THE phrase in the speech balloon is catchy, an intended pun on the Filipino offensive remark. It is also the brand name. With the addition of Bogart The Explorer’s image beside it, the picture works perfectly.
Hoy, Panga! in Davao refers to the local delicacy, the tuna jaw, which is best enjoyed straight from the grill. However, in Boracay, it means something else. It’s an expression of affection.
Panga in Boracay in the Western Visayas (Malay, Antique, Capiz and Iloilo make up Region VI and Ilongo, Akeanon and Capiznon, Antiqueño are the regional dialects) is pronounced “pangga”, a word of affection that means “mahal” (dear or love).
However it’s pronounced, whatever it means, Hoy, Panga! is getting the attention, the double meaning is actually working to the restaurant’s advantage.
The “very Filipino, very funny and very pang-masa” name has a recall to the majority of the island’s population, which are Aklanons. After identifying Hoy, Panga! as a Filipino restaurant, which makes it’s easier to recommend to the tourists who are craving for some local delicacy.
With a uniquely designed two-level al fresco dining space in bamboo (modern architecture meets bahaykubo), built along a sloping terrain, Hoy, Panga! is becoming a favorite choice for many, even the locals included.
The homey ambience of the dining spaces is relaxing that encourages dining at a leisurely pace, or sips a cocktail or two, which you can do at the bar tucked in the corner on the lower level (try the mojitos- regular or lychee flavored).
If you want to shy away from the crowded beachfront, then this tranquil oasis set in a preserved patch of greenery is for you.
As to the food, “The menu is very Filipino, a good selection of Pinoy classics. Think crispy pata, sisig, and sinigang, only we have it in the tuna version, which is sourced from Davao, of course,” said Kim Honasan, the brainchild of the food business.
The Davao tuna “panga” is the top seller and the tuna belly comes in second. “Some of the foreigners still find the panga a bit exotic, so they order the belly instead,” said Nikki Sering, the chef in charge of food development.
I will recommend the Tuna Sisig, the Gambas (using medium sized shrimps cooked to perfection), and a personal all-time favorite, the Sionga, not the local gay lingo term meaning “idiot”, but an acronym for “siopaona tuna napanga” aka tuna buns that’s deep-fried.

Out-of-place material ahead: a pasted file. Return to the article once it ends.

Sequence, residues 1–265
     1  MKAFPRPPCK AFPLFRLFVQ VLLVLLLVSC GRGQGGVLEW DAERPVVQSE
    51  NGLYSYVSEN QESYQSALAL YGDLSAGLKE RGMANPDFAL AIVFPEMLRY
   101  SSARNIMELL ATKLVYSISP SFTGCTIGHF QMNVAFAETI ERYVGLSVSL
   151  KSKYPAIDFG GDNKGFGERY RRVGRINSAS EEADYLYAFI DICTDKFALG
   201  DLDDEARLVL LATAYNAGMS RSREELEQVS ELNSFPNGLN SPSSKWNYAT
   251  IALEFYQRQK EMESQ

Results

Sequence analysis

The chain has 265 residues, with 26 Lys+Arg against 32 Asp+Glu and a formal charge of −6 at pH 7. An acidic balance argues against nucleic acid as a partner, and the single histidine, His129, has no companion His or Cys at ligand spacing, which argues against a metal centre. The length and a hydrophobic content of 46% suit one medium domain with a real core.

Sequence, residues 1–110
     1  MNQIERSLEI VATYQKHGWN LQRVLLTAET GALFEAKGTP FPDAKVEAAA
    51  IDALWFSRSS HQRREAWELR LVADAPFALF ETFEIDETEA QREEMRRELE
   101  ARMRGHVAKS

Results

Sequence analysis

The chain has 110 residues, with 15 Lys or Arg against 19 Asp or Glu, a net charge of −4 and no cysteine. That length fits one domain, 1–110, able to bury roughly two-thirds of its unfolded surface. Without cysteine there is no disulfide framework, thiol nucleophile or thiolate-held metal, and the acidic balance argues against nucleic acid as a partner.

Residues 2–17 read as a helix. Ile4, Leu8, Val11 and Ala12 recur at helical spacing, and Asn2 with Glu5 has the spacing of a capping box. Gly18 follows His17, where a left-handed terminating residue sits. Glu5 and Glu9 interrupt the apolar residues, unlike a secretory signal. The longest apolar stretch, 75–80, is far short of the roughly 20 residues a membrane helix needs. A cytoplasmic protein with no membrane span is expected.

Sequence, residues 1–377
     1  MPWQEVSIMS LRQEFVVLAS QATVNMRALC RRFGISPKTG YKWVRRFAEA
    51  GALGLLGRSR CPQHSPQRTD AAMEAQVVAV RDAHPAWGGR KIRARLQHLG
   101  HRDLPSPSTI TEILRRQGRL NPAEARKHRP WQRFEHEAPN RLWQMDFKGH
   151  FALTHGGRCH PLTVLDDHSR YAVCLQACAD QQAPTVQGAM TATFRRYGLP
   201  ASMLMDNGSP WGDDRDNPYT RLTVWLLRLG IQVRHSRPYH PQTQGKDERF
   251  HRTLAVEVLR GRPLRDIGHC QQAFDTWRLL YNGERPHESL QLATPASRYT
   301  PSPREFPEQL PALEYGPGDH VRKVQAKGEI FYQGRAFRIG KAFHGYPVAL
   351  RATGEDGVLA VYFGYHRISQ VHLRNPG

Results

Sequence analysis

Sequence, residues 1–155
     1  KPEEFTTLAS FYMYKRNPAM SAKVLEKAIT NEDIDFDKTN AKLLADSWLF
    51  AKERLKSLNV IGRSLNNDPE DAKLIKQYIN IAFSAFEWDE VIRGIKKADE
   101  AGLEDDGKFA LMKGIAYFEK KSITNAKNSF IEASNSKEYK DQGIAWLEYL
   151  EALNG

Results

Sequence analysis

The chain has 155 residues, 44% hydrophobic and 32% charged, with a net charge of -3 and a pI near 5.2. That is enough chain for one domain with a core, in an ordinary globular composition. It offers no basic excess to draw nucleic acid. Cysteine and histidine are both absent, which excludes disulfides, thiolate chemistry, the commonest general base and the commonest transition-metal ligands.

The menu though is not entirely exclusive to seafood. The sinigang has a version in pork, there’s pork barbecue (served bite sized in mini skewers, good as viand or bar chow) and the fried chicken with a distinctive, yet mild, cumin flavoring.
If you’re not a fan of vegetables, you will be. The eggplant salad with coconut milk (the smoky flavoring of the grilled eggplant blends perfectly well with sweet, creamy taste of the coconut milk with the chili as an added kick) and the Ginataang Kalabasa at Sitaw (string beans and pumpkin cooked in coconut milk) will make place an extra order of rice, which also comes with “bagoong” preparation.
Even the breakfast fare of arrozcaldo and champurado are served with a twist. You can have it in the restaurant or “to-go” from the pop-up food cart on the parking space, pretty much how you pick up your morning brew from your favorite coffee shop on the way to work.
Kim is not relying entirely on the Pinoy menu’s strengths to lure in the dining crowd and keep them coming back for more. He is looking into providing entertainment as well. It’s a competitive edge practiced among the beachside establishments.
With Hoy, Panga!’s location, which is away from the high traffic foot path, the restaurant has to have its own.
Entertainment has to be unique. For it’s first serving, Hoy, Panga! is flying in Premiere Filipino-American comedian Rex Navarette to perform live in Boracay Island for a three-night show entitled “Heartburn – A Night of Food & Comedy” on February 23, 24 & 25.
The live stand-up comedy act will be the first of its kind in the island and will be a regular gig at Hoy, Panga! Boracay and musical artists—Manila and local bands, and guest DJs—will be performing alternately.
If you ask me, Hoy, Panga!’s current status is an impressive achievement for a four-month old roadside restaurant in an island cradling countless restaurants. Why? Maybe because to those who have tried Hoy, Panga’s offerings, the Pinoy cuisine have made its way past the taste buds into their hearts. It’s already a “pangga” to them.
Hoy Panga! is easy to locate. It’s along the main road in Station 2, a few meters away from D’Mall. Bogart, the Explorer will point you to its direction.
Go visit and fall in love with the place and the food.
Email me at firstname.lastname@example.org. For more lifestyle & travel stories, visit http://apples-and-lemons.blogspot.com and http://jeepneyjinggoy.blogspot.com.